In other memoirs, this sort of event arrives “predictable and oversimplified” to Questlove. Nevertheless, it arrives, and it’s important. Questlove cannot help remembering it, and he shouldn’t.

In fact, many of Mo’ Meta Blues’ most entertaining moments surface when the author writes, as a fan, of iconic songs and musicians. He recalls the time he saw Prince roller-skate. Meeting Prince reminded him of when, at age 8 and on tour with his family’s doo-wop quintet, Lee Andrews & the Hearts, he ran into KISS at a Buffalo, N.Y. hotel. (“I was excited and terrified and generally overloaded, so I let out the most high-pitched, bloodcurdling scream you can imagine.”) He dissects A Tribe Called Quest’s song “What”—the samples, Q-Tip’s questions as lyrics, its four-second pause—as if in awe.

Questlove packs his memoir with these kinds of encounters. Comedian Tracy Morgan once invited the band and 14 girls to a toe-licking contest. (Questlove, then in a serious relationship, bolted from the hotel room.) Between such encounters, he talks of moving from Geffen to Interscope, monitoring radio airplay, tracking Metacritic scores like baseball stats. Readers can imagine how grueling it felt to tour for decades, as the Roots did, simply by wading through all the opinions here, especially as the Roots’ main inspirations (Slum Village, De La Soul, Tribe) lost relevance and began to disappear.

No matter how strange, the story remains the same: The Roots, and especially Questlove, always stayed the odd men out.

Or did they?

In an interview with SPIN, Questlove sounded concerned that his story, and by extension the Roots’ story, might not be worth telling.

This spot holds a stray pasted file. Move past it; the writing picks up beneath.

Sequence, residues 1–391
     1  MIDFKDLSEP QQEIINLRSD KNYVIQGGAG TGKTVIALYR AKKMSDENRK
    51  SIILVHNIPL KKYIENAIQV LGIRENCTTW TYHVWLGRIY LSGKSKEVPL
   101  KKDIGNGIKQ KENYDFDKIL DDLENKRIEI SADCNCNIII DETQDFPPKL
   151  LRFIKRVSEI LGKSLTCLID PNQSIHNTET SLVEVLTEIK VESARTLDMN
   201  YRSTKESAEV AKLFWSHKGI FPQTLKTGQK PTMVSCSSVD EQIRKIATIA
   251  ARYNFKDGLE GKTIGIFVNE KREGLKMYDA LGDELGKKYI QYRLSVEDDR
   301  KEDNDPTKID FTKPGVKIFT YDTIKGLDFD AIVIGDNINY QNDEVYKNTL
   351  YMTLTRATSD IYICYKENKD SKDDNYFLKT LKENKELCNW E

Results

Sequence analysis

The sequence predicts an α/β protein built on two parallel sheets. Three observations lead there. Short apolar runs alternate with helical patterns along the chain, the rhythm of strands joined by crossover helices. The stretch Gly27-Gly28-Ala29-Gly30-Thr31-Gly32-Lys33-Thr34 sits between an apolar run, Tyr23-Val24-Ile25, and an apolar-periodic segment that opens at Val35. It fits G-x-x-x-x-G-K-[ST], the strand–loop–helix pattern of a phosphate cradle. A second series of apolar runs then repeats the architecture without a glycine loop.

“Writing it I thought, ‘This is not interesting.’ Reading it, I felt like, ‘Oh, okay I like the character that’s writing the book. I like this guy,’” he said. “At first there was a lot of resistance on my end in doing the book. I kept telling the people I was working with, ‘You know, a rapper without a [salacious] shark story is a waste of paper.’”

It isn’t. In fact, the more Mo’ Meta Blues questions Questlove’s own relevance, the more valuable it feels.

New Yorker editor Ben Greenman co-wrote the memoir. Footnotes from the Roots’ co-manager Richard Nichols pop up. Text discusses feedback from label executives and fans alike, and Questlove ponders throughout which of these actually matter. In many ways, he writes a story of working hard without receiving proper due. He writes as if to counter the blurb music critic Robert Christgau wrote for the book cover: “You have to bear in mind that he’s one of the smartest motherfuckers in the planet.”

Mo’ Meta Blues confirms this, but through a common story, one we all find relatable: Whether we like it or not, we’re looking for answers, but finding none.

Or, as Jay-Z said, “Make an art record.”

Christina Lee is a freelance arts and culture writer based in Atlanta. She is a contributing writer to eMusic, MTV Hive and Creative Loafing, and she has also written for KoreAm and the BBC.